Article 19, para. 5(e) of the Constitution provides the ILO with another facility. It provides that member States may be required to report .... . This provision was included in the Constitution in 1946 to allow the ILO to request information from its Members on the obstacles to ratification, and has been used since then to request reports for what it known as ‘General Surveys'. These extremely useful studies carried out by the Committee of Experts involve a request to all countries that have not ratified Conventions selected by the Governing Body each year, as well as to all countries with regard to Recommendations, and an examination of obstacles to ratification. They constitute a useful review of the way certain instruments are applied in the absence of ratification, as well as a review of whether the instruments concerned require revision. Its use has been developed further in recent years, and in 1995 the Governing Body decided to request reports every year from member States that had not yet ratified the fundamental human rights Conventions, one subject each year. It is being cited, at this writing, as the Constitutional basis for a proposed new procedure to allow examination of fundamental principles on a much wider basis. This provision is extremely powerful, and has proven very useful in promoting ratification. It is given prominence here because article 23(2) of the Constitution provides that workers' and employers' organizations may submit their comments also on reports filed under article 19, another possibility for NGO access to the ILO's supervisory possibilities.

This panoply of supervisory procedures has been highly effective, especially compared to other supervisory bodies in the international system. A high rate of reporting12, acceptance by virtually all States invited to appear before the Conference Committee, and a large number of complaints examined by the Committee on Freedom of Association attest to a general respect for the procedure. It is also effective in securing modifications of law and practice in member States in a high number of countries, and is generally well respected. The ILO reinforces its supervisory activity by ensuring that its technical cooperation is closely based on its standards, and that no technical assistance is given which would be contrary to those standards.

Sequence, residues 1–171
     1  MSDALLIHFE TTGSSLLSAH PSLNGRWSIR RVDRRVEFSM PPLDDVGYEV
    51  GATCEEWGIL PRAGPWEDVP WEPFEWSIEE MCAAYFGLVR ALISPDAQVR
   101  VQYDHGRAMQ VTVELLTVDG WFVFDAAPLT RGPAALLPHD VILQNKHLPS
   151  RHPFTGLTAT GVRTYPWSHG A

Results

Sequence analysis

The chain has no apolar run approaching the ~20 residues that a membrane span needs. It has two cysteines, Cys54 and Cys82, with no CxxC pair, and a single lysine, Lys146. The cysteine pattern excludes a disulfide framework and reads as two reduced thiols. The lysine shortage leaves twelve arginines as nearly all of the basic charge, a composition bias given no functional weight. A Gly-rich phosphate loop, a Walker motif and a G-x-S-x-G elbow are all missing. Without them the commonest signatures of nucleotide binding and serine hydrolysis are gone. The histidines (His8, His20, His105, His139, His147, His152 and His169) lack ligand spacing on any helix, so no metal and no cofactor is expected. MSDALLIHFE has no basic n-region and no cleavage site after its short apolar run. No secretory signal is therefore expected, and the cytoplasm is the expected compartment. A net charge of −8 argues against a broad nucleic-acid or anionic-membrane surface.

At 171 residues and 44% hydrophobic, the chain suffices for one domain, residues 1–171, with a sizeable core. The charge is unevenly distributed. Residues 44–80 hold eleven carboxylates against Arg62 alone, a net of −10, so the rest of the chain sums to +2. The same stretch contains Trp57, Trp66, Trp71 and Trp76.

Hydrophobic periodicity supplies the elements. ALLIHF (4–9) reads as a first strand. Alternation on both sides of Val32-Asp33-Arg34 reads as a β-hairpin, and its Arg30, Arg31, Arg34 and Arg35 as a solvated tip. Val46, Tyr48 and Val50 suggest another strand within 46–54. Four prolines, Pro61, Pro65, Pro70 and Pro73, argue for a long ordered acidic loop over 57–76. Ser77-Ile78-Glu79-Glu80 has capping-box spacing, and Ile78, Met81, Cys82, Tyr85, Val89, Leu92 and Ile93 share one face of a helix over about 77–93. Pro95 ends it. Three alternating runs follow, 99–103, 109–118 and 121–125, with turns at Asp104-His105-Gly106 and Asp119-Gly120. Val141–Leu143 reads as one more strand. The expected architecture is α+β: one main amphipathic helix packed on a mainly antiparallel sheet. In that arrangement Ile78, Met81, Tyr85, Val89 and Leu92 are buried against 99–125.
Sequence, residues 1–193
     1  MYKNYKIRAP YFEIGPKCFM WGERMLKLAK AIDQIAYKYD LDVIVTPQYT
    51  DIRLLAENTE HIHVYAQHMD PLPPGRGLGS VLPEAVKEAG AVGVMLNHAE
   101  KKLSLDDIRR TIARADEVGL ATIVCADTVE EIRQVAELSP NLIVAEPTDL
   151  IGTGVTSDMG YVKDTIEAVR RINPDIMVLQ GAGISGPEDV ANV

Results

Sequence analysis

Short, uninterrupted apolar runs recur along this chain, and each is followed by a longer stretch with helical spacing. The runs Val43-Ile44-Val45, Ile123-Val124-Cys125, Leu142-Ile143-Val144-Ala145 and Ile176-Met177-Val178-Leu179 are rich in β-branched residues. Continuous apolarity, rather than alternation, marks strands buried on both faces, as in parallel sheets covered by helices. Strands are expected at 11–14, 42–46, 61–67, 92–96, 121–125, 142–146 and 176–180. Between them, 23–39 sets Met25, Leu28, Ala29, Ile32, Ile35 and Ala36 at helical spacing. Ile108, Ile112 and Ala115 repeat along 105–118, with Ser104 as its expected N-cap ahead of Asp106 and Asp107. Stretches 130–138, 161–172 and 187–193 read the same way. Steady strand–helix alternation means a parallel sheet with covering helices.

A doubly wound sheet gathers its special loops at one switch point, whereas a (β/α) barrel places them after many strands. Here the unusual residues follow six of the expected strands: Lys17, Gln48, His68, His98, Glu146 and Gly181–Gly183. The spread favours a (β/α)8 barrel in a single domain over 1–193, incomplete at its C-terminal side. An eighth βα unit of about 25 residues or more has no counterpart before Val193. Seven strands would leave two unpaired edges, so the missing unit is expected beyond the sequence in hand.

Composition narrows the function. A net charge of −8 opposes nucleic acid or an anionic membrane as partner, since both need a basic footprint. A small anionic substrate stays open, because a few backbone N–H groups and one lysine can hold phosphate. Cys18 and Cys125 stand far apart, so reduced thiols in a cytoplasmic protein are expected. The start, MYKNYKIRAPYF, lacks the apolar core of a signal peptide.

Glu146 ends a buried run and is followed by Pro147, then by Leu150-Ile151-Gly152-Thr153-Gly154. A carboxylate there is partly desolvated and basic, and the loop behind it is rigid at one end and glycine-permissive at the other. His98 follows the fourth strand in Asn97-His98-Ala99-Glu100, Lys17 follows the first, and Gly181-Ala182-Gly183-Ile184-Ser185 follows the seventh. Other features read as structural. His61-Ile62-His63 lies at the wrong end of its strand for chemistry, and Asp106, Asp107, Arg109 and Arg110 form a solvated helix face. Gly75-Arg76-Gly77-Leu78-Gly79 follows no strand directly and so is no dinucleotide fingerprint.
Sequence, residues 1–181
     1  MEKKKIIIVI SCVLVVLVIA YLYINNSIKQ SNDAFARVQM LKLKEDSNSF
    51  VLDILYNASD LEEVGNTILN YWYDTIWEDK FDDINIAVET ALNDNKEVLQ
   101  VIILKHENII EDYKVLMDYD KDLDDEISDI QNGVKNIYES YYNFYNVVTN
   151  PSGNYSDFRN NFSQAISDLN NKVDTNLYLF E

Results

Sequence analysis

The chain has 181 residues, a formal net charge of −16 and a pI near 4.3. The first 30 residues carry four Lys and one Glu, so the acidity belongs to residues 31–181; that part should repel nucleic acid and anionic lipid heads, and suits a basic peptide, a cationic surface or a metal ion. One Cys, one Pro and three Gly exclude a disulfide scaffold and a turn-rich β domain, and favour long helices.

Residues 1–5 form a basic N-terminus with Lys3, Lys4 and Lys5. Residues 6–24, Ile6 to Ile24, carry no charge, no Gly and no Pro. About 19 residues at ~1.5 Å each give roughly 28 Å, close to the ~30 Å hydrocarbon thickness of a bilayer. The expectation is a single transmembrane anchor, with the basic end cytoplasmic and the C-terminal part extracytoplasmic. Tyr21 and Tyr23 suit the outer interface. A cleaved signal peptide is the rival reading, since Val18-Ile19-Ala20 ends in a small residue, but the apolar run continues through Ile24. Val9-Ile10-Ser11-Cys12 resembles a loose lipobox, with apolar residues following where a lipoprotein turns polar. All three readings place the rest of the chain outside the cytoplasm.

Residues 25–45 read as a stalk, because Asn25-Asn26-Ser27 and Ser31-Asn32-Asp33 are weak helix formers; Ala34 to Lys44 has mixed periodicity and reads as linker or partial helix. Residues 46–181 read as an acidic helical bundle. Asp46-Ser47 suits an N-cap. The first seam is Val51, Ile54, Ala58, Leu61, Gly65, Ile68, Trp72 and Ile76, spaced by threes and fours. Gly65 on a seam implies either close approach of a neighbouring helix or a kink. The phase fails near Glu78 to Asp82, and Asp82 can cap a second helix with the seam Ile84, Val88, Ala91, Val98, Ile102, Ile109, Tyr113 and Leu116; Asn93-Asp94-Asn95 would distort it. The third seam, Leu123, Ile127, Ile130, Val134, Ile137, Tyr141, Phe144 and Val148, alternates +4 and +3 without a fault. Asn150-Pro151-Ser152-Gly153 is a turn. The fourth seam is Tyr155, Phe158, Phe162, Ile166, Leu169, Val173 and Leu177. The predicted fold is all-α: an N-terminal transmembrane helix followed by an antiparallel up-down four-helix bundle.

The system also suffers weaknesses, and recent work has been going on to try to strengthen it. The discussion on a possible ‘social clause'13 has led to proposals to put ‘teeth' into the ILO's supervision. Discussions during the 75th Anniversary of the ILO in 1994 also led to the launching of a system of reforms, including a pruning of the large number of active standards by revision, ‘shelving' of certain older standards, and even proposals for abrogation of outdated Conventions - a constitutional amendment to allow abrogation was adopted in 1997, and is awaiting sufficient ratification to enter into force. Discussions are underway for the establishment of procedures to examination the application of fundamental rights other than freedom of association, in the absence of ratification.

NGO Access to ILO procedures

Some critics14 point to the lack of access to the ILO's procedures by non-governmental organizations other than employers' and workers' organizations, and to the absence of individual complaints procedures. Unlike the other points mentioned above, these are not on the ILO's agenda for change. What is the present situation, and how might change be envisaged?

In a very important sense, NGOs enjoy far more access to the ILO than to any other inter-governmental organization. This article has outlined above the tripartite nature of the ILO, so that non-governmental organizations of employers and workers have half the votes in the plenary sessions of the annual Conference - thus, both for the adoption of new standards and for adoption of the reports of the Conference Committee on Standards. In that committee itself, as well as in the vital Committee on Freedom of Association, ILO rules give workers, employers and governments one-third of the voting power each, so that non-governmental delegates actually outvote governments. The same applies in all committees of the Conference, including the Committee on the Application of Standards.